# Dynamical Time Warping for Isochrones

## Jun 4, 2022 12:32 · 453 words · 3 minute read

I sometimes have research ideas that I think are cool, but that don’t make sense for me to pursue. I generally just make a note of them and move on. This is the tenth post in a series describing some of the ideas I’ve accumulated.

## Dynamical Time Warping for Isochrones

### What’s the idea?

Dynamical time warping (DTW) is a technique used to align audio files (or other temporal data). The idea is: given two time-sequences which are supposed to be similar, can we deform the flow of time in one to make it more-closely match the other?

If you’re familiar with stellar isochrone construction, this should sound familiar. There the aim is to interpolate between stellar evolutionary tracks calculated with different starting conditions (e.g. different masses, metallicities, etc.). Because different stars evolve at different rates, aligning tracks naively based on age could result in interpolating between a model on the main-sequence and a model on the RGB, which is typically not what we want.

Instead, modern isochrones like MIST use “equivalent evolutionary points” (EEPs), which are hand-identified points in stellar evolution, and mark time by EEPs instead of by age. So for instance one EEP might be hydrogen exhaustion at the end of the main sequence, and using this as an EEP ensures that a $1M_\odot$ star and a $2M_\odot$ star are in comparable states when we interpolate between them.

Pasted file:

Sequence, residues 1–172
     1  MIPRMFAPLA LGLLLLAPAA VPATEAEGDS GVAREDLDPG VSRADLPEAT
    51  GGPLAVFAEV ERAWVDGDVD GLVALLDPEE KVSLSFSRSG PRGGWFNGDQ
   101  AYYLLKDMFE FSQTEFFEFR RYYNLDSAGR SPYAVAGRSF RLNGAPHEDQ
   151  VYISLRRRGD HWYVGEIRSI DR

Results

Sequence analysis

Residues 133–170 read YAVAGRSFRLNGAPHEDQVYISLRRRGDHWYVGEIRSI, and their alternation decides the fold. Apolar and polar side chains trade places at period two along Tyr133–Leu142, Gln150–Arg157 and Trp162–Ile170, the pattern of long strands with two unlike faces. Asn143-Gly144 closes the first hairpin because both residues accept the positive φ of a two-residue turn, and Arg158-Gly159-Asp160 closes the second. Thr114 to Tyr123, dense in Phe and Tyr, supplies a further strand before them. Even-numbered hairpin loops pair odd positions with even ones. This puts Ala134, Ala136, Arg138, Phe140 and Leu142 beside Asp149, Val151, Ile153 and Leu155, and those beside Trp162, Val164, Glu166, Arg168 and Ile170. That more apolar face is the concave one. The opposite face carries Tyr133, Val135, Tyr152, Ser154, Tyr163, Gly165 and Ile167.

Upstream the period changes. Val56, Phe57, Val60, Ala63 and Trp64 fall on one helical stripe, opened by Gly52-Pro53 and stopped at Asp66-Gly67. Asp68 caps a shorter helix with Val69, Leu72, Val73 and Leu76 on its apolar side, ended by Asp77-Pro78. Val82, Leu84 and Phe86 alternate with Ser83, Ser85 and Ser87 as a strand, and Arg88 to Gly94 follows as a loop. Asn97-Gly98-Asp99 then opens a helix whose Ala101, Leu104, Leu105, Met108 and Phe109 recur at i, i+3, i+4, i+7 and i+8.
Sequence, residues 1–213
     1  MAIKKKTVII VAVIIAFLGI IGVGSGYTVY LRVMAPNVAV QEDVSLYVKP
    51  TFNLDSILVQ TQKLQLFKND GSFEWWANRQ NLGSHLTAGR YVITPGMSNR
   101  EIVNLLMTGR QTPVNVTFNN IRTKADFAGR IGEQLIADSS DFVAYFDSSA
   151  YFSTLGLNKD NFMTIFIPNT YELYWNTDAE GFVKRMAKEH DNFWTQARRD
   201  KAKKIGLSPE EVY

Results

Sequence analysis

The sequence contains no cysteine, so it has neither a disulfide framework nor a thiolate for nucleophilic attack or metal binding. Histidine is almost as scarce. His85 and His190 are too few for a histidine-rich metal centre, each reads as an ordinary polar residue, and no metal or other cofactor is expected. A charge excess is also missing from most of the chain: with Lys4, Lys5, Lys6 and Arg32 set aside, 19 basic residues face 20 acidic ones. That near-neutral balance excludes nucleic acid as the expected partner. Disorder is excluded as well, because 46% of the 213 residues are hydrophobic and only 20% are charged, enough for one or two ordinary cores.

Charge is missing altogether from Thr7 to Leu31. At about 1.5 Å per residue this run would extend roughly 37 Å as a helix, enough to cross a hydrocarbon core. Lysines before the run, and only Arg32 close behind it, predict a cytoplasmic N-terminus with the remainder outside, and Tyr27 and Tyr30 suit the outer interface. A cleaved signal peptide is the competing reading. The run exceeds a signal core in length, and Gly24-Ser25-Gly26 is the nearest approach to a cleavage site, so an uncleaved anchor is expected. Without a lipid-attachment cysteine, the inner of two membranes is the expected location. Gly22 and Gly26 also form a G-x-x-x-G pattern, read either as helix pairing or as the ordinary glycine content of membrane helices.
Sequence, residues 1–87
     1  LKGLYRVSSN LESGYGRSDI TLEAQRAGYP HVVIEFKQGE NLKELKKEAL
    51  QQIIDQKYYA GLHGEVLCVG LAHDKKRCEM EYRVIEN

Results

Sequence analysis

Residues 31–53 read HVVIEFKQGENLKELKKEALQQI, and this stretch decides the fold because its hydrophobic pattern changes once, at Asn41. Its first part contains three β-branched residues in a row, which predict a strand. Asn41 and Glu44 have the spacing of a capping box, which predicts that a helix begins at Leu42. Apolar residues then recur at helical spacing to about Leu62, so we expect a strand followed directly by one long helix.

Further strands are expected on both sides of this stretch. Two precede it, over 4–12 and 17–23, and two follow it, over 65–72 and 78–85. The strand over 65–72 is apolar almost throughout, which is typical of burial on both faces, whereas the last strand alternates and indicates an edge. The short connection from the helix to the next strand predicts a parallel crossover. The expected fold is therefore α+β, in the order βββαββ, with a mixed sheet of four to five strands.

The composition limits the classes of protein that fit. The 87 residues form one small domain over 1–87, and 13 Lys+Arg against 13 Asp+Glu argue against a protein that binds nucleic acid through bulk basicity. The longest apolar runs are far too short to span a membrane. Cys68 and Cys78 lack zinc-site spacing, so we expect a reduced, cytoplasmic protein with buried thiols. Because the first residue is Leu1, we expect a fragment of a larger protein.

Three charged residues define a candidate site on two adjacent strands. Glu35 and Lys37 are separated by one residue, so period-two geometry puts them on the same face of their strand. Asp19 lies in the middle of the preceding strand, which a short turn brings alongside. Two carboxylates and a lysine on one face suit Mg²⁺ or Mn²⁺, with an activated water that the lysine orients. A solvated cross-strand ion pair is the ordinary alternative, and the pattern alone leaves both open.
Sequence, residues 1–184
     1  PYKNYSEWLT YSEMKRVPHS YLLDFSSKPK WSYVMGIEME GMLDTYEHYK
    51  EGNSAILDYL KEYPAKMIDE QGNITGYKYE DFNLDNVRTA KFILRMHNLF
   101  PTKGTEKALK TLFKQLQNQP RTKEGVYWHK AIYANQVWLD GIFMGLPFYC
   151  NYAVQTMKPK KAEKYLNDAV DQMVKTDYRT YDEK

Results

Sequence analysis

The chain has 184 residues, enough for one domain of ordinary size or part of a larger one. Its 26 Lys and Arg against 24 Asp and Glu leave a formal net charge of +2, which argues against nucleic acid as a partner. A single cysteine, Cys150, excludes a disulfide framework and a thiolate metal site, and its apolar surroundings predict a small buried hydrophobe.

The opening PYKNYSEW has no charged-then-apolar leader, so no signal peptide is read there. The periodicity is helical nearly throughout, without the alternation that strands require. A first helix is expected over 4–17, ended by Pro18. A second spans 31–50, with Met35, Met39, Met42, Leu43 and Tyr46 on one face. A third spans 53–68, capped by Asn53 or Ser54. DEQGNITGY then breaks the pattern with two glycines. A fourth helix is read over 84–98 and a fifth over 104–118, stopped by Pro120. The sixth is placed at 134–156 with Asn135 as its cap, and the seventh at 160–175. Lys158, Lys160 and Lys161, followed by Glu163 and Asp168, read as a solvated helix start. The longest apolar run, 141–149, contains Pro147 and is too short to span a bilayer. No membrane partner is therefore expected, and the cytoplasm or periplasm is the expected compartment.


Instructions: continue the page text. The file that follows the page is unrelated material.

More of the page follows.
The idea here is to do away with the hand-crafted EEPs and align tracks directly with dynamical time warping.

### Why is this interesting?

This may produce higher-fidelity alignment, particularly as DTW allows you to specify what properties you care about most in alignment. It would also make it easier to extend isochrones to a wider parameter space and to e.g. stars which have very different evolutionary stages than ordinary ones.

### How can I get started?

There are some good libraries for working with DTW in modern languages like Python. I’d start there.

You also probably want to figure out which properties of stars you care about for aligning evolutionary tracks. I played around with this idea briefly three years ago and was able to get good results aligning tracks based on a combination of the usual suspects (core hydrogen abundance, luminosity, effective temperature, etc.) and some funnier features like core luminosity (which allows for precision alignment during the core helium flash at low masses).

I view this idea in one sense as low-hanging fruit, because the DTW tools are pretty well-developed and “just” need a bit of glue to be applied to stellar evolution data. The downside is that I expect it to take a while to shake out all the kinks to the point of being competitive with existing projects like MIST.

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